Too much shaking going on

1 Feb

Use of powered hand tools can cause health problems

Like most people today, my job on Safety Management magazine involves a lot of typing, and I cannot imagine what it would be like if I could not feel the keys under my fingertips, or if I were to suffer any kind of pain in my fingers and hands that would make typing difficult. My role would be become impossible and sadly, I would be forced to change career completely. 

So when I read about the circumstances behind a rare and unusual Health and Safety Executive (HSE) prosecution (http://www.hse.gov.uk/press/2011/coi-nw-73cheshireeast.htm) which came before the courts recently, it not only struck me that the British Safety Council’s magazine needed to report it more widely to draw attention to the issues concerned, but made we think how lucky I am to have the full use of my hands, fingers and wrists, and how difficult it must be for those who suffer injury to them – particularly through no fault of their own.

In the case concerned, a 56-year-old mechanic was left with such severe loss of movement in his hands a result of his everyday work that he now has difficultly picking up small objects such as coins. These injuries have had a devastating effect on his quality of life.

Now this poor guy’s injuries are not due to exposure to a rare chemical, or a freak accident that affects few people, but to an activity that happens in millions of workplaces up and down the land: the use of powered hand tools such as pneumatic drills, grinders and sanders.  And while the risks of nerve and muscle damage from using these vibrating hand tools has been known for years, it’s clear from this case that many employers are still failing to take the problem seriously enough.

The HSE has been stressing for years that anyone who works regularly with hand-held or hand-guided power tools for more than a few hours a day is potentially at risk of suffering hand-arm vibration syndrome (HAVS), as this debilitating health condition is known. The problem occurs because prolonged vibration from the tools can affect the nerves, blood vessels and joints of the hand, wrist and arm, causing tingling and numbness in the fingers, stopping the sufferer from feeling things properly with their fingers and hands and leading to painful finger blanching (whitening), particularly in the cold and wet. If the sufferer continues to use high-vibration tools the damage to the hands can – as in the case of the mechanic – become permanent.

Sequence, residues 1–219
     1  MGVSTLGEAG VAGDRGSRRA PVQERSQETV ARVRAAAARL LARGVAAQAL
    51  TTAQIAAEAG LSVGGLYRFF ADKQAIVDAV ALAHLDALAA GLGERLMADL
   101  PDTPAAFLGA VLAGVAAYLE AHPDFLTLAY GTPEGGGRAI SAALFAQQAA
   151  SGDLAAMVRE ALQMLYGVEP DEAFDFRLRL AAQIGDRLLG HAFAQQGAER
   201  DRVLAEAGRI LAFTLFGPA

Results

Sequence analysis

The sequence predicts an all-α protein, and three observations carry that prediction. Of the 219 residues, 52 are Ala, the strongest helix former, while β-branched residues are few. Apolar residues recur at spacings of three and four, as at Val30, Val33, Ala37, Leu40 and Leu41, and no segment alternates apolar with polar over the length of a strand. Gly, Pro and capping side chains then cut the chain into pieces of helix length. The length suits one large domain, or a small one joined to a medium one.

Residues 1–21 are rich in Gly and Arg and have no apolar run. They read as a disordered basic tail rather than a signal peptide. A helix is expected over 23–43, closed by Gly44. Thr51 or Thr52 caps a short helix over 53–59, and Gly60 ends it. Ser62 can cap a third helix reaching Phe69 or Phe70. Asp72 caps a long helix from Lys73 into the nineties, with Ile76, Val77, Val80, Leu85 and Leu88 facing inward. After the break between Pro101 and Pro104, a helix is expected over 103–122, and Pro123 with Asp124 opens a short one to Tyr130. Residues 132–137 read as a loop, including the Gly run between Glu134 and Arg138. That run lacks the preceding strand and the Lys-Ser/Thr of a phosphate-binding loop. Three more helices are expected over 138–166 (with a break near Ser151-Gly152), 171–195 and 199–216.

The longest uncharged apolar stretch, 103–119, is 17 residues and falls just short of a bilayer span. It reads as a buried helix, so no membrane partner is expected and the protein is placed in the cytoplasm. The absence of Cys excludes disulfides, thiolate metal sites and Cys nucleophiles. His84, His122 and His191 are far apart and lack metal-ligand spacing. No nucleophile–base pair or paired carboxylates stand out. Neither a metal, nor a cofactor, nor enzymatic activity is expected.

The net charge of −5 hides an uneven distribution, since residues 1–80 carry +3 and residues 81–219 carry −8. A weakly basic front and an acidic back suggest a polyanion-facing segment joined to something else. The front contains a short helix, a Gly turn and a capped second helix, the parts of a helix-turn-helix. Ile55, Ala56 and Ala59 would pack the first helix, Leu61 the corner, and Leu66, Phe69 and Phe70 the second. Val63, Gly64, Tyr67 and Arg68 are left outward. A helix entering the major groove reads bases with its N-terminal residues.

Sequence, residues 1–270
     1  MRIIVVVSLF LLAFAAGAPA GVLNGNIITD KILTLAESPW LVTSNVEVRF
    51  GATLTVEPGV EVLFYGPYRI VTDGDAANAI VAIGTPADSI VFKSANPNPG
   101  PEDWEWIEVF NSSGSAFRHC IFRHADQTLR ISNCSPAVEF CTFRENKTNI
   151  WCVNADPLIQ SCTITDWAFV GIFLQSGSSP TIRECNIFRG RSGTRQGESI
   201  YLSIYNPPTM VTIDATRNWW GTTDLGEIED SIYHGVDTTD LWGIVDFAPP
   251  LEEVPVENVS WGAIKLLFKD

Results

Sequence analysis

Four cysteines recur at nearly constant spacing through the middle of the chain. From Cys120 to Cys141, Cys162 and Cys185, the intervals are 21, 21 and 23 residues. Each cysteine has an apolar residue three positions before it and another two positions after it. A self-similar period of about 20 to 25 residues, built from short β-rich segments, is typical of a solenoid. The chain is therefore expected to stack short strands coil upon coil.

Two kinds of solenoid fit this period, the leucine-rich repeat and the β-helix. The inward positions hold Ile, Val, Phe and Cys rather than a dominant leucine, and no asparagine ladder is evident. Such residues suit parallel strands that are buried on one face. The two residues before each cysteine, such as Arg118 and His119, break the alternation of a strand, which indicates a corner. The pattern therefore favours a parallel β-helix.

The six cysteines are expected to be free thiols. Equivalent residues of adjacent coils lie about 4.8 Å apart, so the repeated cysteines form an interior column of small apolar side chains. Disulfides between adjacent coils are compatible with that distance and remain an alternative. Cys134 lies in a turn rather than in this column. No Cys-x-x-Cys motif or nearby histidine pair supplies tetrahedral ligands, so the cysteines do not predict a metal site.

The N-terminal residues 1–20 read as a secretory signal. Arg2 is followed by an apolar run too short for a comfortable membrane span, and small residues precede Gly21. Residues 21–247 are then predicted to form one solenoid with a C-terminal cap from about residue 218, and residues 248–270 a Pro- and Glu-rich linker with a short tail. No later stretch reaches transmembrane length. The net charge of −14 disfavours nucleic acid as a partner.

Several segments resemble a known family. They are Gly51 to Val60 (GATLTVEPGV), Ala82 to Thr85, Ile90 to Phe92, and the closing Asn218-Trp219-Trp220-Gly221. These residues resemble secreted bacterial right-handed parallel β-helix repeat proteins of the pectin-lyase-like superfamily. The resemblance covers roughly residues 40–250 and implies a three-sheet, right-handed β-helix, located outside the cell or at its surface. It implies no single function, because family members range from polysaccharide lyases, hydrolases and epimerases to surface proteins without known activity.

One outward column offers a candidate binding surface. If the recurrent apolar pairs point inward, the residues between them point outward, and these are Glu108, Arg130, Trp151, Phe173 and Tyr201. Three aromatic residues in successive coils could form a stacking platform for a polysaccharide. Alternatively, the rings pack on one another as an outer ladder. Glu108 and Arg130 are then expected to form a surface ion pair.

However, the problem can be avoided by adopting some simple, commonsense measures, such as mechanising tasks or, if hand tools are still required, selecting low-vibration models and introducing task rotation. Indeed, the HSE says that if employers comply with the law in this area and follow the relevant guidance, it may be possible to eliminate any new cases of HAVS altogether.  

Safety Management will be reporting more about the story of the mechanic whose life was changed forever by exposure to HAV in the March issue, primarily to highlight the dangers, but also because this is a rare prosecution. Enforcement records suggest that just one other employer has been taken to court by the HSE for failing to protect workers from exposure to HAV in the last decade, though there have been several civil compensation cases.

In the meantime, look out for the February issue of the mag – due to land later this week – which contains a three-page feature on this subject.

And if you do have workers using hand-held power tools – or if you use them yourself – think of this unfortunate mechanic, and make sure this devastating health condition is eradicated.

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